December 7, 1941

This U.S. Navy website has a good written summary of the attack, plus many excellent photos. The 9/11/2001 attack is often compared to Pearl Harbor, for good reason. As the anonymous commentary on the Navy site puts it:

These great Japanese successes, achieved without prior diplomatic formalities, shocked and enraged the previously divided American people into a level of purposeful unity hardly seen before or since. For the next five months, until the Battle of the Coral Sea in early May, Japan’s far-reaching offensives proceeded untroubled by fruitful opposition. American and Allied morale suffered accordingly. Under normal political circumstances, an accomodation might have been considered.

However, the memory of the “sneak attack” on Pearl Harbor fueled a determination to fight on. Once the Battle of Midway in early June 1942 had eliminated much of Japan’s striking power, that same memory stoked a relentless war to reverse her conquests and remove her, and her German and Italian allies, as future threats to World peace.


UPDATE: Jim Miller makes book recommendations.

A Matter of Perspective Pt II: The Hatfields, the McCoys, and the Mafia

In Part One I discussed how comparing the Iraqi situation with that in Afghanistan wasn’t a good idea. The main advantage that Afganistan has over Iraq is that, while both countries are oriented towards a tribal culture, there’s a greater variety of ethnic groups that allow the people there to overcome this mindset.

But what the heck do I mean by “tribal,” anyway? And why is it so significant?

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A Matter of Perspective Pt I: Apples and Oranges

Fellow Chicago Boy Michael Hiteshew has written a post where he discusses his doubts about a victory in Iraq. He feels that the terrorists have gained ground, and might be winning no matter how the US tries to stop them. He correctly points out that neither side can hope to win unless they enjoy the support of the general population.

“There is no possible way for 150,000 troops to control a country of 28 million without the active support of its inhabitants. And donít tell me about the British Empire. This is not 1850. Today, support can stream in from across the globe to supply weapons and fighters to a guerrilla insurgency allowing them to wreak havoc for decades.”

Michael also compares the situation to the relative success in Afghanistan.

“Why isnít this happening in Afghanistan? Quite simply because thereís no support for it. For starters, twenty years of civil war have simply worn them out. More importantly, in Afghanistan, by contrast with Iraq, the war was led by Afghanis, with the US merely supplying the overwhelming firepower when needed. Finally, the international community, much as it pains many Americans to admit it, provided the necessary political framework for the war to succeed, from the political meetings held in Bonn, Germany, to the active help of neighboring countries like Russia, Uzbekistan and Pakistan. All of which are missing in Iraq.”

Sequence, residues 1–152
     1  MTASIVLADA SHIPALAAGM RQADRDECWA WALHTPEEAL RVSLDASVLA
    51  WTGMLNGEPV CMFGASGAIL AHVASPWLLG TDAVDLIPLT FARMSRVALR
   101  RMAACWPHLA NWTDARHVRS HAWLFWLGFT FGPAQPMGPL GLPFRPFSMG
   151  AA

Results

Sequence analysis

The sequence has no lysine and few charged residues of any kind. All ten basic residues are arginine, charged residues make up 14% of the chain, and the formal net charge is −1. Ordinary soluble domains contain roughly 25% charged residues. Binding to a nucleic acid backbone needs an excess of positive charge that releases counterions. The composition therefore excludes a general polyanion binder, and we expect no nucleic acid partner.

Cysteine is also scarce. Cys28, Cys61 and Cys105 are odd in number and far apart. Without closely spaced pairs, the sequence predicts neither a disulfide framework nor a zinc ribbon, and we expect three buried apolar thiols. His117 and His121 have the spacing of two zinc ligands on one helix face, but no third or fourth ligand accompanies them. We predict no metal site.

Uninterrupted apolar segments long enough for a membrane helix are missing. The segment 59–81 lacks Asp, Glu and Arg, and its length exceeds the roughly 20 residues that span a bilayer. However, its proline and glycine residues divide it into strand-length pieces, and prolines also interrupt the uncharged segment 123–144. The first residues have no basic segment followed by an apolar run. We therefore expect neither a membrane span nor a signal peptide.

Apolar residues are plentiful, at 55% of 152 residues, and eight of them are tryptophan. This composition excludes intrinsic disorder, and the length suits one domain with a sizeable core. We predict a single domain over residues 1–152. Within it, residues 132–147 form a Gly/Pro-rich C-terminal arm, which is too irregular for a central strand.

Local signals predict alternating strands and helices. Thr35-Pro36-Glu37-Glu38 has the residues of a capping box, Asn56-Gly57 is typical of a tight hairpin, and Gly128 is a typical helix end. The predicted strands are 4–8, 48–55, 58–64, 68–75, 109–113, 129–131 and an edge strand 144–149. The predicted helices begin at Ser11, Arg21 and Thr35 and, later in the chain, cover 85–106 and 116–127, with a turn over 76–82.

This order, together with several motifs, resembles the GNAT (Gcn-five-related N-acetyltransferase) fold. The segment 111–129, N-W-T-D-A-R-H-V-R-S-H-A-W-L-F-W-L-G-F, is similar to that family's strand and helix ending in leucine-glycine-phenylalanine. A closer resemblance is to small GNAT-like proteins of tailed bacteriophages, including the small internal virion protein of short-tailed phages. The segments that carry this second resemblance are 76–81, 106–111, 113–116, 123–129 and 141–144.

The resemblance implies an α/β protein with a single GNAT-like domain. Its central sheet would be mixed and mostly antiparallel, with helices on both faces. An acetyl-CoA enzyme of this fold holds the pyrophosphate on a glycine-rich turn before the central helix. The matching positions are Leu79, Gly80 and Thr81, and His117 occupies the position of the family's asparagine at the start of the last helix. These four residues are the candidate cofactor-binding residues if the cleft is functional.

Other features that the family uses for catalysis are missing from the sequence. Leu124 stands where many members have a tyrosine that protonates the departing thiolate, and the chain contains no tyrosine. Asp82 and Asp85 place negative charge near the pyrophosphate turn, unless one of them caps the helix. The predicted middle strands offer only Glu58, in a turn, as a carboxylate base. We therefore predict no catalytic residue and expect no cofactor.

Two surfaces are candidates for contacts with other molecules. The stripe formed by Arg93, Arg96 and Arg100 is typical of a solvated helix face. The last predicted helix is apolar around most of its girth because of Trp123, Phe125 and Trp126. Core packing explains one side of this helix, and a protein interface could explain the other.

I’ve noticed that most people are rather vague when they discuss their misgivings about the situation in Iraq. They know that it’s not going the way they hoped but they have very few ideas as to why, or what can be done to correct it. This is understandable when one considers that they don’t have a very firm background when it comes to Iraqi culture or history. I’m hardly an expert myself, but I do have a keen interest in the history part of it, and I’ve been reading up.

First off, people here in the West love to compare Afghanistan to Iraq. And why shouldn’t they? After all, both countries are rugged and lacking in water. Both countries were recently suffering under despotic regimes. And both countries are predominantly Islamic. They’re practically the same, right?

Not at all, and it’s important to keep in mind that the differences are more significant than the simularities.

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“Mobile” vs. “Immobile” Civilizations

That’s how Reuven Brenner, in this recent column, characterizes the struggle between the democratic West and Islamic fundamentalism. Brenner’s argument is interesting.

It is easy to criticize both grandiose thesis and narrow ones. To come up with a different way of perceiving the events and offer solutions is a bit harder. Yet this brief does just that. It shows that today’s conflict between Islamic groups and the West, as well as within Islamic societies, can be viewed as one between “mobile” and “immobile” civilizations, whose members can be found in every society. What distinguishes the US is that it has far more people sharing the outlook of a “mobile civilization” than any other country. And what characterizes many Islamic countries is that they have a large number of people sharing the values of an “immobile” civilization. “Relativist” orthodoxy notwithstanding, one point I make is that although one can understand the values and ideals of “immobile societies”, as fitting certain situations, there cannot be a compromise between these two civilizations. Today’s circumstances – demographic in particular – require moves toward “mobility”.

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